Welcome back to Book vs Film, one of my favorite segments where I like to throw up bestselling novels against their film adaptations!
This week we’re looking at The Guernsey Literary and Potato Peel Pie Society (GLPPS), the 2008 novel by Mary Ann Shaffer and Annie Barrows versus its 2018 counterpart starring Jessica Findlay Brown and Lily James.
In no particular order, here are my thoughts on the film versus the novel. I will try to keep it as spoiler-free as possible but may give away certain plot points.
1. This film is a Downton Abbey reunion. Part of the reason I was so excited to see this movie was that at least four of the main characters were involved with Downton Abbey, my favorite drama about rich British people chatting. Lily James, who plays bright-young-thing Rose on Downton appears here as Juliet Ashton, the writer and book lover who is first drawn to the story of the book club on Guernsey. Jessica Findlay Brown is Elizabeth McKenna, the popular but mysteriously absent creator of the club. Penelope Wilton (also from Doctor Who) is a grief-stricken widow and Matthew Goode is Juliet’s friend and publisher. The sight of all these comfortingly familiar faces helps to ground GLPPPS in its historical time period.
2. Lily James is strangely flat in her role. One of the most engaging parts of the novel is Juliet Ashton’s sincere love of books and literature. She is fully capable of defending her opinion on the relevant styles and thoughts of the day, but does so with such cheerfulness that she never comes across as schoolmarmish. Lily James, who was so bubbly and joyful in Downton Abbey and Disney’s Cinderella, never comes across as a great lover of reading. Juliet Ashton’s infectious curiosity is also missing, and her eventual spontaneous journey to Guernsey happens almost as a lark rather as a deliberate decision to learn more about the lives of the people there. James seems unable to commit to the more dramatic elements of the plot as well, almost as if she is afraid of looking less than pretty.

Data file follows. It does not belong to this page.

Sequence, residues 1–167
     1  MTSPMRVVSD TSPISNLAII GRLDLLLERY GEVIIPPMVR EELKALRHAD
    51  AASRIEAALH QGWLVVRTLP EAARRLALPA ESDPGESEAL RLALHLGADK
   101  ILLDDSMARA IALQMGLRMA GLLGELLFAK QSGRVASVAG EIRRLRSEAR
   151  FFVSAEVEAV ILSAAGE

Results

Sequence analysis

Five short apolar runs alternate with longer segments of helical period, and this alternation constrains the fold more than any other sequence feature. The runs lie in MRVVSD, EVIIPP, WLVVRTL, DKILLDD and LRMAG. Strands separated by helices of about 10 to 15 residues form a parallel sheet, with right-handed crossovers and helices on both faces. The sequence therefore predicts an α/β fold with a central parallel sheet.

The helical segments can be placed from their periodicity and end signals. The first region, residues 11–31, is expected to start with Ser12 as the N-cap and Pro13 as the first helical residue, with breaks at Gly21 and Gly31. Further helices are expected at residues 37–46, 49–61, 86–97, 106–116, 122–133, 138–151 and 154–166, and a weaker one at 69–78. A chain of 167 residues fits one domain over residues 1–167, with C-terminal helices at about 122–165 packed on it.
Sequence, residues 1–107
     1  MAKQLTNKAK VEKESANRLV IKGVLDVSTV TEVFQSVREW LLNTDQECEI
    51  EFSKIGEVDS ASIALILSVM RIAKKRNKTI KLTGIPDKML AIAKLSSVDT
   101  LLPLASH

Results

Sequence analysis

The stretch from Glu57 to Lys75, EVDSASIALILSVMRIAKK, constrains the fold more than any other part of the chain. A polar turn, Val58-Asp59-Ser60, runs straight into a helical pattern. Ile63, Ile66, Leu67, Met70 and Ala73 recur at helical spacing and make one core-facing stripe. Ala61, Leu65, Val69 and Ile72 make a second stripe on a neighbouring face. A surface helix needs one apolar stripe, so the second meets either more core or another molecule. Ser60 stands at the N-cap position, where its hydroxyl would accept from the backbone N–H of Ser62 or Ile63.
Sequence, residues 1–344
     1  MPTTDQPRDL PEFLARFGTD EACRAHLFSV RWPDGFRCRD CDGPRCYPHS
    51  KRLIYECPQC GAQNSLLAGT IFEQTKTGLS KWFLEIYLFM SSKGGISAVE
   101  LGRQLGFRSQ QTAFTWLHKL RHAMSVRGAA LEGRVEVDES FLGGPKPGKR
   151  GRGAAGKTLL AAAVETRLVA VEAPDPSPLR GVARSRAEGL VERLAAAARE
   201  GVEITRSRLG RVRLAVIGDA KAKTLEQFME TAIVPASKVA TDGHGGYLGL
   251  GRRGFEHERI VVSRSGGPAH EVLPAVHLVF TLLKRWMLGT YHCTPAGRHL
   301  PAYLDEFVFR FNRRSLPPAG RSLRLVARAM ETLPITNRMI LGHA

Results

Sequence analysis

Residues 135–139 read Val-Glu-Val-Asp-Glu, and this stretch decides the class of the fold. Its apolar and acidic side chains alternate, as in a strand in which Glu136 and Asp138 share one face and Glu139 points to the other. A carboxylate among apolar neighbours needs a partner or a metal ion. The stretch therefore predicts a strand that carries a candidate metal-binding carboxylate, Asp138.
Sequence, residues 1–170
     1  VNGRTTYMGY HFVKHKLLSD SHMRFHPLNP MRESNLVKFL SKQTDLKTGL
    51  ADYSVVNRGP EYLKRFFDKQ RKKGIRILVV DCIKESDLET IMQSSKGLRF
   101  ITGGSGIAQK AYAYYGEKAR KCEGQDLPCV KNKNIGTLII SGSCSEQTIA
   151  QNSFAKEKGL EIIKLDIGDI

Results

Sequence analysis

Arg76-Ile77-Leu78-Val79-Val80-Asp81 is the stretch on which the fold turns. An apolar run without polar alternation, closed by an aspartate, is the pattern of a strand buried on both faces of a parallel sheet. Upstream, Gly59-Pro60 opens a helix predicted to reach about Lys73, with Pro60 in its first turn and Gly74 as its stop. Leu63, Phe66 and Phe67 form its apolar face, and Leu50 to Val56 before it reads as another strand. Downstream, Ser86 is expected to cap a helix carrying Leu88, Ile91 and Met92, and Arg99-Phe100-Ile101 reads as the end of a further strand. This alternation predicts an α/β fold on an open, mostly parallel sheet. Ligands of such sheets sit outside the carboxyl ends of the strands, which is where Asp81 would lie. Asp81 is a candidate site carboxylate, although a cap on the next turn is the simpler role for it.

Lily James, GLPPPS, StudioCanal Films
3. Jessica Findlay Brown is tragically underused. I understand that Brown’s character doesn’t appear in person during the events of GLPPPS. She is a memory, a reference, a figure in a funny or sad story. Despite that, in the book she always felt so full of life, a bright spot in a dark world that everyone remembers with a mixture of joy and pain. This story belongs to Elizabeth McKenna as much as it does to Juliet Ashton. In the film, she is just demoted to just one of many quirky characters that inhabit flashbacks and whispered stories. Her daughter is supposed to be a turning point in the plot, but is instead relegated to a side note in the film. For an actress as beautiful and talented as Brown, I thought director Mike Newell would find a way to make her shine.
Jessica Brown Findlay, GLPPPS, StudioCanal Films
4. The film looks absolutely stunning. Though it was shot in parts of Devon, Bristol, and London instead of Guernsey, the harsh rocky landscape of coastal Britain is always breathtaking to look at. The time period is also accurately portrayed, and the attention to detail on the costumes and props is of the impeccable quality usually found in British historical dramas.
5. The beginning of the film attempts to pay homage to the letter-writing style of the book, but doesn’t quite pull it off. During the first twenty minutes or so of the movie, Lily James’ Juliet Ashton is exchanging letters with Dawsey Adams, a farmer on Guernsey played by Michael Huisman. The movie accomplishes this through use of narrative voice-over and long shots of James curled up in various armchairs, reading letters while drinking tea. Although I appreciated that Newell wanted to include a nod to the letter exchanges of the novel, but it came across as a bit too obvious. Especially when it ends abruptly during the first act and is never revisited.
Overall, I thought the film did a good job of capturing the main plot points and historical details of GLPPPS, but a little bit of the novel’s heart was lost in translation. Given it’s almost complete lack of publicity or marketing, I wonder if the studio didn’t see that as well.
My vote: Book > Film
Happy reading everyone!
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